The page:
Date of Award


Degree Type


Degree Name

Doctor of Philosophy (PhD)


Managerial Sciences

First Advisor

Edward Miles

Second Advisor

Leigh Anne Liu

Third Advisor

Todd Maurer

Fourth Advisor

Lisa Lambert


Since the publication of Albert Carr’s controversial article from 1968, “Is Business Bluffing Ethical?” there has been a flurry of interest, both from researchers and practitioners, into the use of deception in negotiation. Far from being a hypothetical question, the use of deception in negotiation has been shown to be a common negotiation tactic. Aquino and Becker (2005) suggest that deception occurs in 55% of negotiations. Deception has been used in negotiation contexts as wide-ranging as supply chain management, contracts, use car sales, mergers and acquisitions, and trade agreements between sovereign nations.

Scholarly research has thus far established two streams of research to explain when deception is likely to occur. The first line of inquiry claims that negotiator characteristics are the proximal cause of unethical behavior, such as deception. Such authors point to personality characteristics, tendencies, and traits that are unique to the individuals who use deception. This group of scholars point to evidence that certain individuals, regardless of the situation, rely on deception to achieve their goals. A second line of research has emerged that claims that the predominant factor is the negotiation situation. Thus, departing from an individual characteristics angle, these authors have argued that certain negotiations, such as when the stakes are high or when one negotiator is far more powerful than the other, present dynamics in which deception is more likely to take place. When considered together, these two research streams give a rich account of deception in negotiation.

However, in this series of three essays, I argue that a third, equally valid perspective ought to be explored: the role of a counterpart’s reputation. I explain that the characteristics of one’s negotiation counterpart could be important factors in explaining why someone might resort to deception. I argue that the most relevant characteristic is that of a negative or bad reputation. To make these theoretical contributions, I draw on equity theory and prisoner’s dilemma. I argue that a negative reputation will lead a negotiator to believe that his or her counterpart might act in a deceptive manner and that to restore this inequity, the negotiator might be more likely to use deception. Further, I argue for important mediators and moderators in this process.

The first essay is a theoretical exploration of the relationship between a counterpart’s reputation, the use of deception and negotiation outcomes. I look at the role that deception plays in negotiation and how the threat of a counterpart’s use of deception might impact how a negotiator thinks of deception. In this paper, I develop propositions that will be tested empirically in the second and third essay. One of the main contributions of the theoretical piece is the movement away from the two current theories that belie the current deception literature, negotiator characteristics and negotiation situation. In this essay, I draw on equity theory to suggest that the drive to make a negotiation equitable might best explain the phenomena. Further, I lay the theoretical foundation for propositions that recommend that deception might lead to positive distributive outcomes but negative integrative outcomes.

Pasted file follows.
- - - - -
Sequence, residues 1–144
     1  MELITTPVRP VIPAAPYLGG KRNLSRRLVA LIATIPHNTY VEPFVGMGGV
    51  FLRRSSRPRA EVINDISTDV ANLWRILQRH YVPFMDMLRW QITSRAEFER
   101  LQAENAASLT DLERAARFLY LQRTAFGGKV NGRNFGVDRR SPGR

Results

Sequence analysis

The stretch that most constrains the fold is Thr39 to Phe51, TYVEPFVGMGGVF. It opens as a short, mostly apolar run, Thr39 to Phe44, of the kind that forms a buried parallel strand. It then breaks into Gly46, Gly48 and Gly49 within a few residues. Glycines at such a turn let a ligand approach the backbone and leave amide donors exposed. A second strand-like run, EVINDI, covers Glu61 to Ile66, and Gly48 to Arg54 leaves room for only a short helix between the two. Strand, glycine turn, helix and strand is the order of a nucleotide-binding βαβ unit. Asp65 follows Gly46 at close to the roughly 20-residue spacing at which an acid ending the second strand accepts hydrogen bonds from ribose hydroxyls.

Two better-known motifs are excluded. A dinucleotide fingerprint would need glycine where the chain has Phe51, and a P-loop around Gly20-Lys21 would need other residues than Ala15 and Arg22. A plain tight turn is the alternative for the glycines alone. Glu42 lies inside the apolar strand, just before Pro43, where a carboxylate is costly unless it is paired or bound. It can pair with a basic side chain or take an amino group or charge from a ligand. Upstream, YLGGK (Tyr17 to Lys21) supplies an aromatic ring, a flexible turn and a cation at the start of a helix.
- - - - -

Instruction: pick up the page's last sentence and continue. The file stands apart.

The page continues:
The second essay looks specifically at a model that tests the relationship between counterpart reputation and the use of deception. In this essay, I develop a moderated mediation model, in which counterpart reputation leads to the assessment of unfairness and that this assessment leads to the use of deception. In my model, the relationship between counterpart reputation and negotiator use of deception is moderated by prosocial motivation, negotiation self-efficacy, Machiavellianism, and Schwartz values. I report two different studies to test this model.

The third essay hones in on the relationship between principal use of deception and negotiation outcomes. I use leakage theory, which suggests that some who use deception inadvertently “leak” clues to the fact that they are acting deceptively, as a basis to look at the relationship between the constructs. I argue that political skill and emotional intelligence are key moderators of this process. I use a negotiation experiment to test this model.

This three-essay dissertation achieves the goal of exploring a very important aspect of deception in negotiation. As it stands, this gap in the literature presents a picture of deception that is potentially missing an entire branch of causality: the role of the counterpart in a negotiator’s use of deception. This project will hopefully spur new research and interest into understanding, more broadly, how a counterpart impacts ethical or unethical decision making in negotiation. For practitioners, these studies might be able to illustrate that the use of deception is not only about the one who deceives. Rather, a negotiator must also understand how other people might illicit behavior from the negotiator, both behaviors that are honest and deceptive. In addition, the practitioner might be in a better position to understand how his or her own reputation might impact a counterpart’s use of deception.